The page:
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Life on Earth Topic 2 : Evidence for the origin of life. Part of the Evolution of Australian Biota Module Biology in Focus, Preliminary Course Glenda Childrawi and Stephanie Hollis. DOT POINT.
Part of the Evolution of Australian Biota Module
Biology in Focus, Preliminary Course
Glenda Childrawi and Stephanie Hollis
The approximate age of the Earth, based on geologic, magnetic, radiographic and palaeontological studies, is 4.5 billion years. During the Hadean eon (4.5-3.8bya) was the formation of the Earth.
4 billion years ago the Earth was a very different place than it is today. The sun was only 70% of its present strength, Earth was spinning much faster and day was only 18 hours long and there was no free oxygen in the atmosphere How was anything to survive on such an inhospitable planet?
We know Earth transformed from a gaseous cloud into a solid body. The heavier molten elements, like iron, sank down to become the core. The lighter elements, like silica, rose to the surface and formed the crust.
But how did we get our atmosphere?
Intense heat and pressure, due to the extreme forces of gravity, below the surface cause the material to remain in a molten state. We know that hot material rises (think of boiling water), and so does this molten material in the centre of the Earth.
Once this molten material reaches the surface we get volcanoes! These amazing geologic features not only bring to the surface fresh minerals and rock, they also bring gases trapped within the material.
It was these gases that formed the original atmosphere of our planet.
The process of volcanoes releasing gases into our atmosphere is called outgassing and included:
The atmosphere was anoxic meaning it had no free Oxygen (O₂) as all the oxygen was bound within other compounds such as water and carbon dioxide. This meant that there was no ozone (O₃) layer exposing the Earth’s surface to ultraviolet radiation.
Most of the hydrogen gas escaped into space, as happens today, whereas the other gases accumulated and remained in the atmosphere.
Early Earth provided an environment in which the production of organic carbon-containing molecules could have happened fairly easy. The energy for driving these reactions could have come from a number of sources which include:
In Early stages of Earth’s formation, organic molecules would have most likely formed in the lower atmosphere or at the Earth’s surface. We’ll look at the stages of change thought to occur in the early Earth.
Dense clouds formed in the steamy atmosphere. These clouds were formed of water from meteorites and hydrated minerals. These clouds then formed a reflective shield from the suns penetrating heat
About 500 million years later, meteorite impacts declined due to this protective layer and the friction caused on entry. The Earth cooled and the temperature fell below 1000C, forming a stable rocky crust.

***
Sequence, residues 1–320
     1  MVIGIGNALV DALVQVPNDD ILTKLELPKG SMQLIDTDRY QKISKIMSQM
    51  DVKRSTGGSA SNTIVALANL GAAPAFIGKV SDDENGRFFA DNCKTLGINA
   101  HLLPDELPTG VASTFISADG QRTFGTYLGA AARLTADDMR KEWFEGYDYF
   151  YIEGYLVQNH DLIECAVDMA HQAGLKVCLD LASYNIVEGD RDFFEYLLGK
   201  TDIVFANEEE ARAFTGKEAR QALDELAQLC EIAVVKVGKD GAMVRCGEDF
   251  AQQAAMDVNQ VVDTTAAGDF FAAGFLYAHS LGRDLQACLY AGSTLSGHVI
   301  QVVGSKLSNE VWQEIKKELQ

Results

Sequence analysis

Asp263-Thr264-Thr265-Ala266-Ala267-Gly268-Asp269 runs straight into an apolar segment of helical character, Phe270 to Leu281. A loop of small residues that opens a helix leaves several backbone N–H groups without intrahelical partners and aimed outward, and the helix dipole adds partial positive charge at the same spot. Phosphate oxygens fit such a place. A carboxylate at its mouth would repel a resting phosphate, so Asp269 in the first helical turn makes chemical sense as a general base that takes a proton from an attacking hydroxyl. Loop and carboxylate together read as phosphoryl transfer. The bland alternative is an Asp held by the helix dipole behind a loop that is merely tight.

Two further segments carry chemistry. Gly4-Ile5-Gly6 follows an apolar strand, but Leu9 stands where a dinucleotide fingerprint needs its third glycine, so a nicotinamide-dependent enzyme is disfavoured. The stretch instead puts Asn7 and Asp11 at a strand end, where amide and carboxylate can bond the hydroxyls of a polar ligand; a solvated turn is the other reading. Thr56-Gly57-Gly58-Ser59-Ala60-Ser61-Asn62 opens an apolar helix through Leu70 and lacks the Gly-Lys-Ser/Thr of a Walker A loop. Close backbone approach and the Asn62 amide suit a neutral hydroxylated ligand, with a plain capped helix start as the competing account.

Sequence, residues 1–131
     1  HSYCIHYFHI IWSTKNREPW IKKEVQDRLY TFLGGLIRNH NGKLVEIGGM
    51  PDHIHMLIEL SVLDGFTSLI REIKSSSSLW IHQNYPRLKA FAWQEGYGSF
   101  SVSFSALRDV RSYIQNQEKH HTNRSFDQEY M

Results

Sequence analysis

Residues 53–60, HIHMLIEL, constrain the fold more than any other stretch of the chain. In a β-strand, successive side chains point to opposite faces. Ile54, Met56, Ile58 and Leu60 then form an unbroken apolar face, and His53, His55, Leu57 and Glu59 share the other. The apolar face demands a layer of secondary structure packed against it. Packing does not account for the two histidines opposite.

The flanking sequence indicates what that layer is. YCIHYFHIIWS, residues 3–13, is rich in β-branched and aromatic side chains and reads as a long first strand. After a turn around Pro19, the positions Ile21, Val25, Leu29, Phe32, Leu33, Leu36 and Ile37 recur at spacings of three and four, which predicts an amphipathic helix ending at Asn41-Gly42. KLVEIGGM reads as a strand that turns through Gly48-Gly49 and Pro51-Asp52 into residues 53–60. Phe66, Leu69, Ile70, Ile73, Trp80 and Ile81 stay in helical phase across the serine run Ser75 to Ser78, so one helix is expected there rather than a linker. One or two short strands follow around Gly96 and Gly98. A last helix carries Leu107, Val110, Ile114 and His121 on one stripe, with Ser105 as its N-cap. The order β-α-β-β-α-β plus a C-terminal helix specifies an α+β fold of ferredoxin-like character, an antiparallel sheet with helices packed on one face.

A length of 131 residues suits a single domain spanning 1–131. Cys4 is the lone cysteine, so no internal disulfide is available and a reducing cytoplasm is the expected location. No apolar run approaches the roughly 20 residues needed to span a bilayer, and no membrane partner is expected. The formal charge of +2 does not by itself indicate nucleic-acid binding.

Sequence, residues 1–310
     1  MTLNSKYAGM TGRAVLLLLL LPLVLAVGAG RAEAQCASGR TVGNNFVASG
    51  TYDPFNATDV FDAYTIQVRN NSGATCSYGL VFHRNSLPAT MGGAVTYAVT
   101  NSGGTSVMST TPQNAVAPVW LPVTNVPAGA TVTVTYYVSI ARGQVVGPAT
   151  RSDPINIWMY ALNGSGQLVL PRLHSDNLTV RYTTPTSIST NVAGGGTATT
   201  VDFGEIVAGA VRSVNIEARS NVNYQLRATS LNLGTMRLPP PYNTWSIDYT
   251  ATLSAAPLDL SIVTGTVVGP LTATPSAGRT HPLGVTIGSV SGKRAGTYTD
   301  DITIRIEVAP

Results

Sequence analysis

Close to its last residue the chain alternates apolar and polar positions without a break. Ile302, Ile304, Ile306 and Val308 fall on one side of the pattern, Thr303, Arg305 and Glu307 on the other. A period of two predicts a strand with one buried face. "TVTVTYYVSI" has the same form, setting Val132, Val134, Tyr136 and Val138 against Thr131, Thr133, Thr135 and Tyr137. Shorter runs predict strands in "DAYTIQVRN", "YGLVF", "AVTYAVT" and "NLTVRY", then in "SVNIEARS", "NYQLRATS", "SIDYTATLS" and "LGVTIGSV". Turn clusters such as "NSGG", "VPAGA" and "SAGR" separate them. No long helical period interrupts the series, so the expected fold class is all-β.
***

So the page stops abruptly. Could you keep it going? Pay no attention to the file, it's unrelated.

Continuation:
The release of gases from volcanoes increased air pressure in the atmosphere. When the temperatures cooled, this assisted in causing the immense clouds of water vapour to condense into liquid and fall as rain.
Rain would have washed organic molecules into lakes and ponds rich in dissolved minerals. This created an environment for reactions to occur which produced new organic molecules and compounds.
Carbon Dioxide dissolves readily in water to form carbonic acid (H₂CO₃). It would have been flushed out of the atmosphere by rain and into the oceans where it reacted with calcium to form calcium carbonate (CaCO₃)
At first, the rain evaporated as it fell on the hot rock surface but the evaporation gradually cooled the crust until water could accumulate in the lower regions of the Earth’s surface forming oceans. The first rives were created where the water, dissolving and transporting minerals along the way, eventually ran back into the oceans.
The dissipation of heat into space cooled the Earth, causing crust fragments to become numerous enough to form a first thin, solid cover.
Over the next 3.5 billion years, the amount of carbon dioxide in the atmosphere was reduced as it became incorporated in rocks (limestone). The main gas remaining in the Earth’s atmosphere was nitrogen.
The composition of Earth’s atmosphere today is somewhat different to that proposed on early Earth. Today it consists of 78.1% nitrogen, 20.9% oxygen and 1% trace elements such as carbon dioxide, water vapour, methane, hydrogen and ozone.
There is much known about the composition and conditions of Early Earth, however there are a lot of unanswered questions. Scientists continue to search for more evidence reflecting the conditions of early Earth that may have existed when life began.
If these conditions are known, then we may perhaps discover more about the building blocks from which life began….